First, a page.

Newspaper article The Evening Standard (London, England)

Family of 12-Year-Old Stuck in Beirut Tell How They Heard Bombs during Phone Calls; Reunited: Father and Son Split by War

Newspaper article The Evening Standard (London, England)

Family of 12-Year-Old Stuck in Beirut Tell How They Heard Bombs during Phone Calls; Reunited: Father and Son Split by War

Article excerpt

Byline: JACK LEFLEY

A 12-YEAR-OLD who spent a harrowing week trapped in Beirut as Israeli bombs and missiles pounded the city was today reunited with his family.

Hussein Elfadel was among the first Britons to arrive at Gatwick as part of the country's biggest evacuation since Dunkirk.

He made the journey from Lebanon to Cyprus on HMS Gloucester on his own, finally meeting up with his worried father when the ship docked in Limassol.

The pair flew back to London and their Richmond home last night.

Hussein travelled to Beirut this month to visit relatives but became trapped when the latest conflict started. His mother Hindy and 10-year-old sister Liah could only hope for the best as Hussein's father Rabih waited to see his son step off the Royal Navy destroyer.

Mr Elfadel, 40, said: "When I finally saw him it was the best moment of my life and I just hugged him and didn't want to let him go."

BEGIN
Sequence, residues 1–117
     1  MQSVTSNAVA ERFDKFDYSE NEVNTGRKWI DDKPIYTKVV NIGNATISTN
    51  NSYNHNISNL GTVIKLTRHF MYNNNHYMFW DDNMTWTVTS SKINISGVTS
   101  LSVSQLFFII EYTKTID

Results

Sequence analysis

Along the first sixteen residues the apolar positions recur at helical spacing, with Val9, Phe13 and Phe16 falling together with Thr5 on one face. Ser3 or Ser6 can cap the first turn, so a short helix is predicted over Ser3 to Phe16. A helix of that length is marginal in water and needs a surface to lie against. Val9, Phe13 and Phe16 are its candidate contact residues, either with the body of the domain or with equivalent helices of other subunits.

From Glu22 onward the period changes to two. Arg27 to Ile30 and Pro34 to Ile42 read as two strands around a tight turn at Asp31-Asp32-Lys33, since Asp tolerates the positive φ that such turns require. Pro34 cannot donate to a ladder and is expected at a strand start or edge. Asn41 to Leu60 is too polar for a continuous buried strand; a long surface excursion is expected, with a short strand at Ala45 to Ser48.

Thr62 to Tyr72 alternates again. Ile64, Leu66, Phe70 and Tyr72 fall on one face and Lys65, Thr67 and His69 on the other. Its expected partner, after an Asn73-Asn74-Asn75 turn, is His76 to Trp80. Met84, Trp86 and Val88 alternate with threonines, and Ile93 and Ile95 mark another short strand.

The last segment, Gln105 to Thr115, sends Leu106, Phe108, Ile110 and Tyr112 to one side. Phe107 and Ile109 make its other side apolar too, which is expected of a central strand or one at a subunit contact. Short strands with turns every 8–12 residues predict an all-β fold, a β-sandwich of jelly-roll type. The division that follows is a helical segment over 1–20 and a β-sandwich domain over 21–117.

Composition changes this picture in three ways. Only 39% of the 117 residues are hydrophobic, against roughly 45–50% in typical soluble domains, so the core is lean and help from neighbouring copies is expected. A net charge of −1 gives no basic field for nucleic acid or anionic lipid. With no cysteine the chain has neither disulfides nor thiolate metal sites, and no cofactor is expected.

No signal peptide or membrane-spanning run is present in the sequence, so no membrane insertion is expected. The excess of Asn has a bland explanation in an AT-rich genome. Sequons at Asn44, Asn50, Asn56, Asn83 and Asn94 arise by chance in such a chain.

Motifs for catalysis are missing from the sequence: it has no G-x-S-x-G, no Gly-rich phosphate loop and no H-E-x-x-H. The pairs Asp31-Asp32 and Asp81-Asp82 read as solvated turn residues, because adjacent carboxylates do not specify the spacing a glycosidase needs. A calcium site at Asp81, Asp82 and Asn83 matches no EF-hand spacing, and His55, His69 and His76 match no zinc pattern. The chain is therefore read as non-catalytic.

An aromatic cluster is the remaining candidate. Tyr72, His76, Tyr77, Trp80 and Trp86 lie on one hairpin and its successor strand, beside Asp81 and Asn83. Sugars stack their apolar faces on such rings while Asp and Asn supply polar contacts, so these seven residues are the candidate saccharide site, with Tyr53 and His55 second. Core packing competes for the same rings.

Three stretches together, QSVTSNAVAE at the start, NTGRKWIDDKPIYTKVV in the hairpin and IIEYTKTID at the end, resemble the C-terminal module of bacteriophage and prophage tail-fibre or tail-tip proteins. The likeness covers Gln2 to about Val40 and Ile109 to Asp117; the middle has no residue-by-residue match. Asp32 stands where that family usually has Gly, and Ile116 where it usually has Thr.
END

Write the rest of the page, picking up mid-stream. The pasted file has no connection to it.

Looking exhausted and close to tears, Hussein said: "It was so tiring and it seemed like it was never going to end. But I am back with my family now." His mother said that the days her son was away had been the worst time of her life.

"Bombs were dropping so near to where he was and we could hear them over the phone. We were sick with worry every day that he was away, but now he is back with us."

About 80 British evacuees were on AMT flight 6205 when it touched down at Gatwick just after 1.20am.

Among them were 18-year-old Charles Salmon, his girlfriend Rachel Curry, also 18, and her brother Chris, 16. The Currys' mother works in the British Embassy in Beirut and the trio were in the middle of a three-week visit.

Mr Salmon's parents Mary and Peter and his 10-year-old sister Caroline had endured the agonising wait for his return at their home in Hockley, Essex.

After the air raids began Mr Salmon and Miss Curry, both geography students at Royal Holloway University, spent days at the embassy, fielding phone calls and emails from worried relatives of other trapped Britons. …

Search by... Author
Show... All Results Primary Sources Peer-reviewed

Oops!

An unknown error has occurred. Please click the button below to reload the page. If the problem persists, please try again in a little while.